There is something painful about having to discard work you have carefully done and start over.
We spoke with her about her craft, her diverse career path, and about the impact of her studies at IU.
Can you say a little about yourself, your background, your training as a furniture maker, and your studies at IU? I was living in England, where my mother took my sister and me to live in 1971.
With more than 30 years professional experience as a designer-builder, Nancy R.
Hiller, BA’93, MA’96, has run her own custom furniture and cabinetry business in Bloomington, Ind., since the mid-1990s.
My mind was bursting at how relevant everything I learned was to my everyday life.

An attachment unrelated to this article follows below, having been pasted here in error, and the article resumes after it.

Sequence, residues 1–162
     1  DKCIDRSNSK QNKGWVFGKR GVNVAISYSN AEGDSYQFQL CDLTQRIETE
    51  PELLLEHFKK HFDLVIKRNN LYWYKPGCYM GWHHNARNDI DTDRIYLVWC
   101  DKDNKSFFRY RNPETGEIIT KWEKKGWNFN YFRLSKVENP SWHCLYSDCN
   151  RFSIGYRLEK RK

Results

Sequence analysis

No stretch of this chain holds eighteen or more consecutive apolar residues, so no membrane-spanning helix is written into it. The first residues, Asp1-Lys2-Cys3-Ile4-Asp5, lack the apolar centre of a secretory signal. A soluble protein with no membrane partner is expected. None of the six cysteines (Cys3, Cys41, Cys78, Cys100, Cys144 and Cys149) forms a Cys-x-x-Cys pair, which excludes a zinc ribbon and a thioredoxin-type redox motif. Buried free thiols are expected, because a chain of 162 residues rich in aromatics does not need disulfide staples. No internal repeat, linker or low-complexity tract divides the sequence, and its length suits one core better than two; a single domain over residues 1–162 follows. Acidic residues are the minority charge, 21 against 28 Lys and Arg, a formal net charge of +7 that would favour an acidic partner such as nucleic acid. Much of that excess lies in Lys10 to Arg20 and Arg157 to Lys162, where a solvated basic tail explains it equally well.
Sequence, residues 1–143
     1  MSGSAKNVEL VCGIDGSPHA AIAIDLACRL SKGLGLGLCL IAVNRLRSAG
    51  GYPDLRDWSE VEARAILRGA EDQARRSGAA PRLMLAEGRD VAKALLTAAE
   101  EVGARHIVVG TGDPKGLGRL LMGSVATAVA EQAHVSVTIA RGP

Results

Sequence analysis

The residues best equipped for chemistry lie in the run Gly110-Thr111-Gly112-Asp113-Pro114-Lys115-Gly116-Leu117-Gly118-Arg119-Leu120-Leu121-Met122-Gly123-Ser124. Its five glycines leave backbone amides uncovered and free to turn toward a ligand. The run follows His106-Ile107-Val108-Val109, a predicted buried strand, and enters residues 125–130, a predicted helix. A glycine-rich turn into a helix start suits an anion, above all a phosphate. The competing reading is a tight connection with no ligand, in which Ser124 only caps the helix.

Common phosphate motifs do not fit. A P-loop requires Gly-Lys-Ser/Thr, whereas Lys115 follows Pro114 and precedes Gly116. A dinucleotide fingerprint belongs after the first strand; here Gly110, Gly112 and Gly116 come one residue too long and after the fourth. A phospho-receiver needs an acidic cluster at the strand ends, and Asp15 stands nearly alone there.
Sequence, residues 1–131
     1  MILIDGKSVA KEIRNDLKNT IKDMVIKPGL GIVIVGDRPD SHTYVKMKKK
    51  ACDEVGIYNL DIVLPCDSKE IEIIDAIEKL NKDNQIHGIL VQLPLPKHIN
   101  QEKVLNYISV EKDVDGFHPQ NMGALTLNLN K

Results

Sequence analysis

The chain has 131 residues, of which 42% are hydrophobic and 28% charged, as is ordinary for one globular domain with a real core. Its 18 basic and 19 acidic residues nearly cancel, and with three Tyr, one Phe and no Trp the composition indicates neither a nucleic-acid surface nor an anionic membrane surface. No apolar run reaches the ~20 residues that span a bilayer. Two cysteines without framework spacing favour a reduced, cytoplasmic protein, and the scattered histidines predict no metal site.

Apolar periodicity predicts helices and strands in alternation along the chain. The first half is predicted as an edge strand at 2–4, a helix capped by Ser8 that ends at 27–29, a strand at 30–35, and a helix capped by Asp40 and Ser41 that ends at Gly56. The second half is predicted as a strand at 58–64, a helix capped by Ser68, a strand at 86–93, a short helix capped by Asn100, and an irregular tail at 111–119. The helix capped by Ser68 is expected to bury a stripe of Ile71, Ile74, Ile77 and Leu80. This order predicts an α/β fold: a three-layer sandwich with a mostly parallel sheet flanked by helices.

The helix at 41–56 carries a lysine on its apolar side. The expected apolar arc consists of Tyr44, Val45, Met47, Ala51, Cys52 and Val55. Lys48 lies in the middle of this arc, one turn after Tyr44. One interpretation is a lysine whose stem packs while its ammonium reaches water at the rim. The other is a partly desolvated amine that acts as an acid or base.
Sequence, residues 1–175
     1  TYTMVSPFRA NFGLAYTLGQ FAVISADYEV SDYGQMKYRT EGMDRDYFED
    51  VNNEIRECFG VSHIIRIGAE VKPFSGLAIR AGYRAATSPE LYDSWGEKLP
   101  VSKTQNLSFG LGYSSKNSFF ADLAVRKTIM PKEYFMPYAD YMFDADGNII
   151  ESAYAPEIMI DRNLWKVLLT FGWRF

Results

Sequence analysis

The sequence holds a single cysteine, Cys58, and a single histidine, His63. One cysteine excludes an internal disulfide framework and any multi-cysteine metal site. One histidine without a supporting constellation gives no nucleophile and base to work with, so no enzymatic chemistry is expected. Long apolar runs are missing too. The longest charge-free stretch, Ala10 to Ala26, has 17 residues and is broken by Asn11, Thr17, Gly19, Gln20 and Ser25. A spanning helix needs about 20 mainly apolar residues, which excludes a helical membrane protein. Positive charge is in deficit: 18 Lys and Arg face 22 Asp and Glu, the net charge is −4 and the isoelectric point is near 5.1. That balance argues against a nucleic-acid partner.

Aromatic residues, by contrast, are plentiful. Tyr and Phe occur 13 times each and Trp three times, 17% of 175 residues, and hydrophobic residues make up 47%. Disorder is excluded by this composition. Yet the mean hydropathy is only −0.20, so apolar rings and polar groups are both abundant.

Even in religious studies, every class was informed by other disciplines: history, sociology, anthropology, literature, psychology, and of course philosophy.What I loved about the Department of Religious Studies at IUB was the excellent instruction and the humanities-based perspective on religion, both as a fundamental human expression and in terms of particular modes of religious thought and expression.The very first course I took, “Religion, Medicine and Suffering in the West,” which was taught by Robert Orsi, completely blew my mind. The English system—at least, in the 1970s—focused in depth on a limited range of subjects.After graduating, I took a job with a cabinetmaker.I learned invaluable lessons about the realities of making furniture and cabinetry for a living, as distinct from a hobby.It was a harsh education, revealing just how much of daily work in the field is repetitious. I realized that I would not be able to put so many of the fine skills I had learned in my training into practice.On top of this, I was introduced to the phenomenon of clients who change their mind after the job has started.My big chance at escaping that line of work was my return to college at the age of 30.By then I had returned to the States and was living near Bloomington, Ind.My work as a designer is hugely enriched by what I learned about history and culture in the religious studies department.On top of this, precisely because there is so much hand- and machine-work and so much repetitive work in my daily life, I have a lot of time to think.